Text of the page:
The interquartile range rule is useful in detecting the presence of outliers. Outliers are individual values that fall outside of the overall pattern of the rest of the data. This definition is somewhat vague and subjective, so it is helpful to have a rule to help in considering if a data point truly is an outlier.

### The Interquartile Range

Any set of data can be described by its five number summary.

These five numbers, in ascending order, consist of:

- The minimum, or lowest value of the dataset
- The first quartile
*Q*_{1}- this represents a quarter of the way through the list of all the data - The median of the data set - this represents the midpoint of the list of all of the data
- The third quartile
*Q*_{3}- this represents three quarters of the way through the list of all the data - The maximum, or highest value of the data set.

These five numbers can be used to tell us quite a bit about our data. For example, the range, which is just the minimum subtracted from the maximum, is one indicator of how to spread out the data set is.

Similar to the range, but less sensitive to outliers, is the interquartile range. The interquartile range is calculated in much the same way as the range. All that we do is subtract the first quartile from the third quartile:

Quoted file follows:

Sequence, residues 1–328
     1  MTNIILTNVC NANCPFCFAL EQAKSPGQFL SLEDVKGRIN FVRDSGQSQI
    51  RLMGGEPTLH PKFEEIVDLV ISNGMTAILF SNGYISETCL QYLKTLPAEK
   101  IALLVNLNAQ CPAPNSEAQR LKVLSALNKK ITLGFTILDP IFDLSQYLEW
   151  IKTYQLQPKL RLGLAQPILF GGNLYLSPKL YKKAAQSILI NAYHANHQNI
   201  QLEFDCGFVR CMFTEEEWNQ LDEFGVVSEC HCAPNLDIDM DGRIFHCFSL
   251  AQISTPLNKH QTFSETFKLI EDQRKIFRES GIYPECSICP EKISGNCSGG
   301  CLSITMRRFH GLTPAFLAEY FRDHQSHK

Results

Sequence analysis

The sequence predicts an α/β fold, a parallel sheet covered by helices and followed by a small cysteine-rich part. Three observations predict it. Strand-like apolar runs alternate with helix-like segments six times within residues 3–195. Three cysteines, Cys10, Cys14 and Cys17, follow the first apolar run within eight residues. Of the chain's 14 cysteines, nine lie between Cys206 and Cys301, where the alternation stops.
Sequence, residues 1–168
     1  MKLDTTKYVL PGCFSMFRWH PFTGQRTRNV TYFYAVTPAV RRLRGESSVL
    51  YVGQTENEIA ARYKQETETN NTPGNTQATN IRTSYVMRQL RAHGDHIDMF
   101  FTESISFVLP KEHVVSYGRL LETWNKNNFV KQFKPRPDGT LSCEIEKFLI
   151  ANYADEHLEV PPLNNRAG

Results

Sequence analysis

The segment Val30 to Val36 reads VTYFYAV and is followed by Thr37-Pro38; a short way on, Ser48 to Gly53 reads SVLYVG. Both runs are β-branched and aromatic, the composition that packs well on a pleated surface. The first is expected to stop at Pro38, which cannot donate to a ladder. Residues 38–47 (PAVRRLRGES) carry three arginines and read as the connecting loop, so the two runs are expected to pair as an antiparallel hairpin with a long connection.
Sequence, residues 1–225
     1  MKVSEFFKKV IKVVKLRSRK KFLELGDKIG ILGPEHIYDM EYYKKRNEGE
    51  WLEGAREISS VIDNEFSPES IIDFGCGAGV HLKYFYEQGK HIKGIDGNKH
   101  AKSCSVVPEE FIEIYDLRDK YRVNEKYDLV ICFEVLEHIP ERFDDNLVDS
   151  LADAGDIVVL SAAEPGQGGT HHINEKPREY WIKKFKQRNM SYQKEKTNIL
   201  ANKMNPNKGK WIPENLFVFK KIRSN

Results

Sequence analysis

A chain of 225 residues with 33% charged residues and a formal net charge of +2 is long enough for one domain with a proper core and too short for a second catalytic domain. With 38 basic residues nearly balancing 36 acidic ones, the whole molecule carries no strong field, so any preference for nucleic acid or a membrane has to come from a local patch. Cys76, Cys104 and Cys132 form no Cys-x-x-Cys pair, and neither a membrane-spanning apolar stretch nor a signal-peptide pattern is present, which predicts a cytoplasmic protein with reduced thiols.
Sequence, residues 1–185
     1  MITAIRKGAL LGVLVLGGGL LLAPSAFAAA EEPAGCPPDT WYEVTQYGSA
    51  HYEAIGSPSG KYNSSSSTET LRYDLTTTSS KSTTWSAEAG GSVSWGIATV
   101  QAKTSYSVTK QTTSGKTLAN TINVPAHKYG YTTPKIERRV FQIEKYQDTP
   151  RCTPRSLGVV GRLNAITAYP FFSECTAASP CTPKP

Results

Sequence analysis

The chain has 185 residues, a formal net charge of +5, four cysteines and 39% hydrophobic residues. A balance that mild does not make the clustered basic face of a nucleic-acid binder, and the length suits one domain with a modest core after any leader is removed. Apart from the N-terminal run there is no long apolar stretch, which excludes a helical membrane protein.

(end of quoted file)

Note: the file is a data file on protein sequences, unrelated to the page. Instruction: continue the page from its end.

IQR = *Q*_{3} – *Q*_{1}.

The interquartile range shows how the data is spread about the median.

It is less susceptible than the range to outliers.

### Interquartile Rule for Outliers

The interquartile range can be used to help detect outliers. All that we need to do is to is the following:

- Calculate the interquartile range for our data
- Multiply the interquartile range (IQR) by the number 1.5
- Add 1.5 x (IQR) to the third quartile. Any number greater than this is a suspected outlier.

- Subtract 1.5 x (IQR) from the first quartile. Any number less than this is a suspected outlier.

It is important to remember that this is a rule of thumb and generally holds. In general, we should follow up in our analysis. Any potential outlier obtained by this method should be examined in the context of the entire set of data.

### Example

We will see this interquartile range rule at work with a numerical example. Suppose we have the following set of data: 1, 3, 4, 6, 7, 7, 8, 8, 10, 12, 17. The five number summary for this data set is minimum = 1, first quartile = 4, median = 7, third quartile = 10 and maximum = 17. We may look at the data and say that 17 is an outlier. But what does our interquartile range rule say?

We calculate the interquartile range to be

*Q*_{3} – *Q*_{1} = 10 – 4 = 6

We now multiply by 1.5 and have 1.5 x 6 = 9. Nine less than the first quartile is 4 – 9 = -5. No data is less than this. Nine more than the third quartile is 10 + 9 =19. No data is greater than this. Despite the maximum value being five more than the nearest data point, the interquartile range rule shows that it should probably not be considered an outlier for this data set.